Caitlin MacNeal

Caitlin MacNeal is a News Writer based in Washington, D.C. Before joining TPM, Caitlin interned and wrote for the Huffington Post, the Sunlight Foundation and Slate. She is a graduate of Georgetown University.

Articles by Caitlin

Rep. Lamar Smith (R-TX), the chairman of the House Science Committee, has been pressing the National Oceanic and Atmospheric Administration (NOAA) for months to turn over internal communications regarding a climate study, but on Tuesday Smith took a small step backward with his demands, the Washington Post reported.

In a letter to Commerce Secretary Pritzker, Smith said that he would let NOAA prioritize emails from non-scientist officials at the agency regarding the climate study published in June.

"In order to move the Committee’s work forward and to allow for further discussions on issues related to the subpoenaed communications about which the agency and the Committee disagree, the Committee is willing to accommodate NOAA and prioritize communications sent and received by non-scientific personnel," he wrote in the letter. "However, this prioritization does not alleviate NOAA’s obligation to respond fully to the Committee’s subpoena."

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Sen. John McCain (R-AZ) said on Wednesday morning that even though he is "reluctant" to undo Medicaid expansion in Arizona, he will ultimately vote for the Senate bill to repeal Obamacare.

The senator made the comments at a Christian Science Monitor breakfast in Washington, D.C., when he was asked if he had any reservations about the Obamacare repeal bill's inclusion of a measure to end the law's Medicaid expansion. The Arizona government expanded Medicaid in the state through the Affordable Care Act.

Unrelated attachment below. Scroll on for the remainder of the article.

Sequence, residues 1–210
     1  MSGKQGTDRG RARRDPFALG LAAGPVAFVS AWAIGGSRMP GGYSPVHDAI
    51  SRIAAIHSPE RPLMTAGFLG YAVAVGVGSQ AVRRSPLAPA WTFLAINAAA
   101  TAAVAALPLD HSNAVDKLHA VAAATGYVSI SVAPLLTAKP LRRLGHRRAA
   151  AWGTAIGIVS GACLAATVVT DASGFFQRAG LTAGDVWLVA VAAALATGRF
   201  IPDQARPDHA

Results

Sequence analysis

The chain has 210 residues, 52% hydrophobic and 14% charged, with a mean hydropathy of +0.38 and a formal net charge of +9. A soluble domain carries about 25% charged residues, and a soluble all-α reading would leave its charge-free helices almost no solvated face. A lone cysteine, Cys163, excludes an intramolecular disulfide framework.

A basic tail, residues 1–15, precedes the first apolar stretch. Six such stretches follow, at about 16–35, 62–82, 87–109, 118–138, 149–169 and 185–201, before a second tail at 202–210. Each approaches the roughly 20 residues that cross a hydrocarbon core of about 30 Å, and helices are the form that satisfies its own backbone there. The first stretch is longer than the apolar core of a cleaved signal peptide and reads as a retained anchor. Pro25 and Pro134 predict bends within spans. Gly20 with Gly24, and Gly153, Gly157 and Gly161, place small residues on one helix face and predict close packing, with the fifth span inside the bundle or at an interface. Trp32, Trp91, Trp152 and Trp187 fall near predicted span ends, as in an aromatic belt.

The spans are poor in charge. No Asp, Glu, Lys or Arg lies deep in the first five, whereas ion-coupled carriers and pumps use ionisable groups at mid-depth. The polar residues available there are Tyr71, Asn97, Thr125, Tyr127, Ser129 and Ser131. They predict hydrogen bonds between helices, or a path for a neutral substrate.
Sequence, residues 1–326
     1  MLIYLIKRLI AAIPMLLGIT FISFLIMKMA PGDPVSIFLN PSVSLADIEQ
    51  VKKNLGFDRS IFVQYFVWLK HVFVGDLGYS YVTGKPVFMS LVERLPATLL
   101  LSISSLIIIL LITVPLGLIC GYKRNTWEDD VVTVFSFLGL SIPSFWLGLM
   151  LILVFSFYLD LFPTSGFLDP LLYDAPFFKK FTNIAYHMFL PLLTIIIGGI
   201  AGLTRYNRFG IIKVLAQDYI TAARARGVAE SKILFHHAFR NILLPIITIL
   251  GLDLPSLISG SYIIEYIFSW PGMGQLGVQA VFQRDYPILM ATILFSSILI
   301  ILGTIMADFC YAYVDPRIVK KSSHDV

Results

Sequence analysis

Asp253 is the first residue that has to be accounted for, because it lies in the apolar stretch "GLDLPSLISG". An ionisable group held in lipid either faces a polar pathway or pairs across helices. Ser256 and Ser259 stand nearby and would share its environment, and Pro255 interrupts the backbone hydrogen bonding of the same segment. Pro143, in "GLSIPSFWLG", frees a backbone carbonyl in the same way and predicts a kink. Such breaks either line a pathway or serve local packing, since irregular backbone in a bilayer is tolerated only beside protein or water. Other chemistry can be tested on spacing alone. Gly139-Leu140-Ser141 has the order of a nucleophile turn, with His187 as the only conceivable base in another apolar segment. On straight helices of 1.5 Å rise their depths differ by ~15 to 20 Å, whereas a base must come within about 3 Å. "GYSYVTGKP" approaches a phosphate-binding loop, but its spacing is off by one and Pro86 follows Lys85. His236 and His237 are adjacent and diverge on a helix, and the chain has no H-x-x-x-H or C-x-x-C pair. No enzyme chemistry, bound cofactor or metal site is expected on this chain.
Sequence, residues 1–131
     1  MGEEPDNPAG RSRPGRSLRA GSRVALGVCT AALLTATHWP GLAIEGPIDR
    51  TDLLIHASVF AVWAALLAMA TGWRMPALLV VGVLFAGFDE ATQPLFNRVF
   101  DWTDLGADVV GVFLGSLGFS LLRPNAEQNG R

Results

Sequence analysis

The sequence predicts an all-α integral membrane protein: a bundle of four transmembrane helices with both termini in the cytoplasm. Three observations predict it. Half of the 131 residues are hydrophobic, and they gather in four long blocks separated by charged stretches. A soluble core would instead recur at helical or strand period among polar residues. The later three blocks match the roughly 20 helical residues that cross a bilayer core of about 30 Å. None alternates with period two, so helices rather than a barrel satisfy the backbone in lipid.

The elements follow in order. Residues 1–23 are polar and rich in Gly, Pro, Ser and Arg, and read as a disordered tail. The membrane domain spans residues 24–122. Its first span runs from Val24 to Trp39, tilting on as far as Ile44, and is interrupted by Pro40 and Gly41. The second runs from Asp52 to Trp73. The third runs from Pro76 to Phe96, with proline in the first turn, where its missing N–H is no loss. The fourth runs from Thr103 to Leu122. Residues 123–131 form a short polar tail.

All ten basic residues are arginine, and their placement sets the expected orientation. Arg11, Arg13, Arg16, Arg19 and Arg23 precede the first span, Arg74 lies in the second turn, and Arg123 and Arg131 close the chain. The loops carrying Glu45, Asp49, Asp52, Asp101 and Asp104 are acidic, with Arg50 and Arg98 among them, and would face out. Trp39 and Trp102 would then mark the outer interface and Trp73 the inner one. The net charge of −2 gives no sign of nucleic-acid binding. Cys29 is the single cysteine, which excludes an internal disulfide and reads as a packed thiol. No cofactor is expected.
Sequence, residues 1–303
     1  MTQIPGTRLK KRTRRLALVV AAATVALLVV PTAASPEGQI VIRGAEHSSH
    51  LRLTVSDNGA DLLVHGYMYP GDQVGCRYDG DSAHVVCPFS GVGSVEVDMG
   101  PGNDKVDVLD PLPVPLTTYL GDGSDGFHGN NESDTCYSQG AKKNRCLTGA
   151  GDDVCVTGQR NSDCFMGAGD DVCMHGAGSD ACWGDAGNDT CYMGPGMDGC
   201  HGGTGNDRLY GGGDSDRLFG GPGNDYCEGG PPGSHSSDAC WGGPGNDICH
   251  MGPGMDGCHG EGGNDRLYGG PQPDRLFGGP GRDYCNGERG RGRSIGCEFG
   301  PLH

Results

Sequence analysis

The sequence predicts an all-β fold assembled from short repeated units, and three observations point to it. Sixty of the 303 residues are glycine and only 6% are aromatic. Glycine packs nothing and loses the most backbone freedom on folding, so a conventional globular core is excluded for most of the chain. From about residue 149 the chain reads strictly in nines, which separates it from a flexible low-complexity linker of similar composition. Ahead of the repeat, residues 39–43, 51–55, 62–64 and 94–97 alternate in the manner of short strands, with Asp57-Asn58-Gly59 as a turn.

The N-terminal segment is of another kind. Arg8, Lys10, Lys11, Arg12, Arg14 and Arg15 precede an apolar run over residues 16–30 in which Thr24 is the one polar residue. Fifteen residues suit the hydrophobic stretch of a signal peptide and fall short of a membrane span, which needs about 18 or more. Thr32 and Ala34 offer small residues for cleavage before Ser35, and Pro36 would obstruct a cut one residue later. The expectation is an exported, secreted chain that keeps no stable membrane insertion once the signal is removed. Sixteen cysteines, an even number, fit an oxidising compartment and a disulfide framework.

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An Iowa Republican lawmaker this week suggested that the federal government consider executing some undocumented immigrants who try to re-enter the United States after being deported for committing a felony.

State Sen. Mark Chelgren, who is running for Congress, told the Knoxville Journal Express about his plans for punishing certain undocumented immigrants in an extensive interview published on Monday:

If one is found to have crossed into the country illegally, committed a felony while here, then been deported, he supports executing that individual if they break America's immigration laws a second time.

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Ben Carson on Tuesday said that the U.S. should not accept refugees from Syria because they will be easily targeted by terrorists, adding that Americans’ resentment of Syrian refugees could increase the likelihood of refugees’ “radicalization.”

"You bring a lot of people here from another culture and what they will tend to do is congregate together, that’s a natural thing, which makes them much easier targets for radicalization," Carson said on Breitbart News Radio. "Particularly if you bring them into an environment where a lot people of are resentful of the fact that they are here. That’s just going to create incidents that will increase further the likelihood of radicalization."

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The Texas government last week warned a refugee agency in the state that the group could face legal action if it does not comply with the governor's order to stop resettling Syrian refugees in Texas, but the International Rescue Committee (IRC) said on Monday that it would continue to aid refugees from Syria.